William Shatner takes Syracuse Trekkies on a voyage through his career
Shatner joins Syracuse Trekkies for film, talk
On a snowy Saturday evening, a horde of enthusiastic Trekkies and sci-fi enthusiasts bombarded the Crouse-Hinds Oncenter Theater to see the original Captain Kirk in the flesh.
Actor William Shatner visited Syracuse to host a screening of Star Trek II: The Wrath of Khan. Shatner was the first actor to portray the iconic role of Captain Kirk of the USS Enterprise when the original series launched in 1966. After the series’s cancellation, Shatner reprised his role in a string of Star Trek movies from 1979 to 1994.
After the film played — for what seems like not the first time for most in attendance — Shatner sat down for a discussion and took the devoted fans through a backstage look at some of his most proud and funny career moments.
Shatner didn’t shy away from any topic, first opening up by talking about noticing how out of the loop he and the series are in modern pop culture.
Shatner recalled a time where a mother pointed him out to her son and the child had no idea where to look, or who to look for.
“Over here kid!” he screamed.
After getting the crowd laughing, Shatner then began telling the story of how the hit film came about.
Shatner mentioned how most actors in the franchise thought it was over after the TV series was canceled.
However, Paramount Pictures was looking for a sci-fi film to capitalize on the success of George Lucas’ Star Wars. After some negotiation after a failed first film, they decided to give the script to the television department to make a second film for much less money.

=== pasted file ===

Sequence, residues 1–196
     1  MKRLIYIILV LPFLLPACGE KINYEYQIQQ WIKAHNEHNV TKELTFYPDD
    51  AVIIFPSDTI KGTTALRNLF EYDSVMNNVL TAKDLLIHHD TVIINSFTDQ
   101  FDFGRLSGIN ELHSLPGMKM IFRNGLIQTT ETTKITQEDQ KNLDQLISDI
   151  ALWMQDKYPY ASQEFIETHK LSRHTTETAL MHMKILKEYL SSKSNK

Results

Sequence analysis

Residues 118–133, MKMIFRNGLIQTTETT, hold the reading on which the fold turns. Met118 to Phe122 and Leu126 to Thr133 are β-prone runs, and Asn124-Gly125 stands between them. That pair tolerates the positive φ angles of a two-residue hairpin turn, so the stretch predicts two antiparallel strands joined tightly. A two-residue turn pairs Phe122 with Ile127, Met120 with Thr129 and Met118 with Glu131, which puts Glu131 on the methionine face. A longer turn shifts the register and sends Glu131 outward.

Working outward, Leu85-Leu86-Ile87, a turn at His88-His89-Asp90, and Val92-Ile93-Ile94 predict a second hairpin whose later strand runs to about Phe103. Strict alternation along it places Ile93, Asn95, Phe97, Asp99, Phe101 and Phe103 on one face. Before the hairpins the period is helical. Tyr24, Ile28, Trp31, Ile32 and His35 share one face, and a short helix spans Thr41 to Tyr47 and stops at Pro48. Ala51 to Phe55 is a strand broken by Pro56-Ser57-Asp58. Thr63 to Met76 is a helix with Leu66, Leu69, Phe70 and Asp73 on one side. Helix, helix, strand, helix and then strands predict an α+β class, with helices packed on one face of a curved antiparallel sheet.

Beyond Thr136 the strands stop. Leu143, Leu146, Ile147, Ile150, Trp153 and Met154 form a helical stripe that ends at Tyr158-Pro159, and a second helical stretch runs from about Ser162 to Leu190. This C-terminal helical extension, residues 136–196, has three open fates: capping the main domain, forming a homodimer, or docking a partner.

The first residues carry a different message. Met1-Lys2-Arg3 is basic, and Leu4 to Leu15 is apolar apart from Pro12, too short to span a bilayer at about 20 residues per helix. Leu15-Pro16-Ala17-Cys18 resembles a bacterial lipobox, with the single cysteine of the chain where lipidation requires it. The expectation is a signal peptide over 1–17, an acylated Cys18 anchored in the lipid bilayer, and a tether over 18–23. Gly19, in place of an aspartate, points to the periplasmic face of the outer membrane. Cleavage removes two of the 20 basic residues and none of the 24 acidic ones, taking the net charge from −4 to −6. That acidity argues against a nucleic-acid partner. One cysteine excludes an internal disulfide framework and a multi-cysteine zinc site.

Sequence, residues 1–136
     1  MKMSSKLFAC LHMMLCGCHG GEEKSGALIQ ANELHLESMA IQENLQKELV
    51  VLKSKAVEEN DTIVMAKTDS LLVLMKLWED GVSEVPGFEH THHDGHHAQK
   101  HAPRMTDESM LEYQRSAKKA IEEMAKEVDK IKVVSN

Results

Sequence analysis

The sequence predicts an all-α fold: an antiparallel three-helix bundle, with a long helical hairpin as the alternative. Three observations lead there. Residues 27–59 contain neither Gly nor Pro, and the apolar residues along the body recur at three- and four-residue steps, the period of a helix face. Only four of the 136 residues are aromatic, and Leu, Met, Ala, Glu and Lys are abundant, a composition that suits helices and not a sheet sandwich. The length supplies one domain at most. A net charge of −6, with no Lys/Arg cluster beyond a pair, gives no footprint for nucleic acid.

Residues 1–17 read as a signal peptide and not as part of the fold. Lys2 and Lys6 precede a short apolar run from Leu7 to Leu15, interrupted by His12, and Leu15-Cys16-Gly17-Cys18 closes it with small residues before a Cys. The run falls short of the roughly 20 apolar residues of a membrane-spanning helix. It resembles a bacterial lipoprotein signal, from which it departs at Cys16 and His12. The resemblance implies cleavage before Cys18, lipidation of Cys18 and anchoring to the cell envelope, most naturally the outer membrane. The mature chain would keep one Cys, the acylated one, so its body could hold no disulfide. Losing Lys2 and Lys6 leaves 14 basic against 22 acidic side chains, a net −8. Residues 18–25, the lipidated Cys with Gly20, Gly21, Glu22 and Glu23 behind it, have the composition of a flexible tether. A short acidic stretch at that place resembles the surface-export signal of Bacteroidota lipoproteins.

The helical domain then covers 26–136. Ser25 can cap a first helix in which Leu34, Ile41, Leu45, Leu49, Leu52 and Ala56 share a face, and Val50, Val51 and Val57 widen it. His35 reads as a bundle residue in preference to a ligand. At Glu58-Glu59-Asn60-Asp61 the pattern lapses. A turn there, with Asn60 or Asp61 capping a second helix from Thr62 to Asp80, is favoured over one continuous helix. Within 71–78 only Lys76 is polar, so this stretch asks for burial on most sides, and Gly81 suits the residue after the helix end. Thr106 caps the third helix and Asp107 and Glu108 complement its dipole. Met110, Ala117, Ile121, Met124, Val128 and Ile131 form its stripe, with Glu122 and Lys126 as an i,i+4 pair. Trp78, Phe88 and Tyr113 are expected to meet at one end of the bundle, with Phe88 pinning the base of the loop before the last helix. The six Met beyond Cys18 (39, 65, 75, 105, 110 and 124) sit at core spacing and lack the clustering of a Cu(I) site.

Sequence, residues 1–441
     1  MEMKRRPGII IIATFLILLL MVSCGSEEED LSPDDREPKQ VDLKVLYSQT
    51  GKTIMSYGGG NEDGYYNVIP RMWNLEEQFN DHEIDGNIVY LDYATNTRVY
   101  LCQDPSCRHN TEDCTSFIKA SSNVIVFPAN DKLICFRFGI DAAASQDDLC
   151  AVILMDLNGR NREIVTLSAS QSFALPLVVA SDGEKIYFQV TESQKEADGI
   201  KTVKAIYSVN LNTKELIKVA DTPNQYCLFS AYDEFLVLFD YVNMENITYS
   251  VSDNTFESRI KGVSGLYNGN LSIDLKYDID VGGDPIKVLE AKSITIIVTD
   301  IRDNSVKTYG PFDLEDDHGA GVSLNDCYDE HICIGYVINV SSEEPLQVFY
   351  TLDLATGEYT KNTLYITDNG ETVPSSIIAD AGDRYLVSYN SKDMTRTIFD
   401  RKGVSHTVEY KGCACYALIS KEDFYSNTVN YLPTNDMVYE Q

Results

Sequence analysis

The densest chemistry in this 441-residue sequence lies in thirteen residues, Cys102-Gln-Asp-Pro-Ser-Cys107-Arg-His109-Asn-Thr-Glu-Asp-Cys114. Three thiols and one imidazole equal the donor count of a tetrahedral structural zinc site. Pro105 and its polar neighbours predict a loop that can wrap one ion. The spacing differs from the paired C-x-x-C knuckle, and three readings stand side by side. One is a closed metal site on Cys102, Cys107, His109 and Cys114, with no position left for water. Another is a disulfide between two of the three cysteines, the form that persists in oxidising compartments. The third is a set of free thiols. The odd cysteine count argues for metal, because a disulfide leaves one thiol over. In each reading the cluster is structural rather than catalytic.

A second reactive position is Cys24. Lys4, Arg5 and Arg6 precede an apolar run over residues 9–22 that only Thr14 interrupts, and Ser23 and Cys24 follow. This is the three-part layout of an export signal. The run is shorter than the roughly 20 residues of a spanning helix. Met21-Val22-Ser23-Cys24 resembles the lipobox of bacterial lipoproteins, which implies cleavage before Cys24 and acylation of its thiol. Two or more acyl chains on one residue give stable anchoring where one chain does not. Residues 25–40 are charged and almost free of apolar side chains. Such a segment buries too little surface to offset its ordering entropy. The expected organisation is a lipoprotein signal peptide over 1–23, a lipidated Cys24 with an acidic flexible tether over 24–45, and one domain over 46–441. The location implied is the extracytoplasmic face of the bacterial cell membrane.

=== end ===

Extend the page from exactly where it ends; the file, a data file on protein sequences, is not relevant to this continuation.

On a budget of $10 million, Nicholas Meyer and the Paramount team finally had their big break with Wrath of Khan, and the Star Trek universe took off.
Shatner continued to discuss some of his best moments, both with co-stars and without. The actor was asked about his late co-star Leonard Nimoy, saying that throughout their career on set, they did not interact all that much, due to Nimoy being very invested in his character. However, further down the line, on red carpets and Comic-Con events, they grew to understand each other better, recognizing they had a lot in common.
Shatner said that they created a great friendship in their later years, and he will forever be like a brother to him.
Later, Shatner was asked about his craziest behind-the-scenes memory from his time on TV’s Boston Legal, in which he talked about having a kidney stone during shooting.
Shatner described a moment where he felt severe pain, and as he threw himself around the set, eventually it was shown that he suffered a kidney stone.
Interestingly enough, Shatner eventually was approached by a casino that offered him $25,000 for his actual stone, which he somehow bargained enough to make it a $75,000 deal. The actor put that money into the Habitat for Humanity, which purchases and build houses in low-income areas around the world.
Shatner concluded the event by announcing that he has a jazz album that he intends on releasing at some point in the summer. In the meantime, he plans to continue with his efforts to improve global warning awareness and activism, as well as continuing to be outspoken about political unrest in our country.
Shatner will be appearing at Galaxy Con in Richmond, Virginia, on Feb. 28 and 29.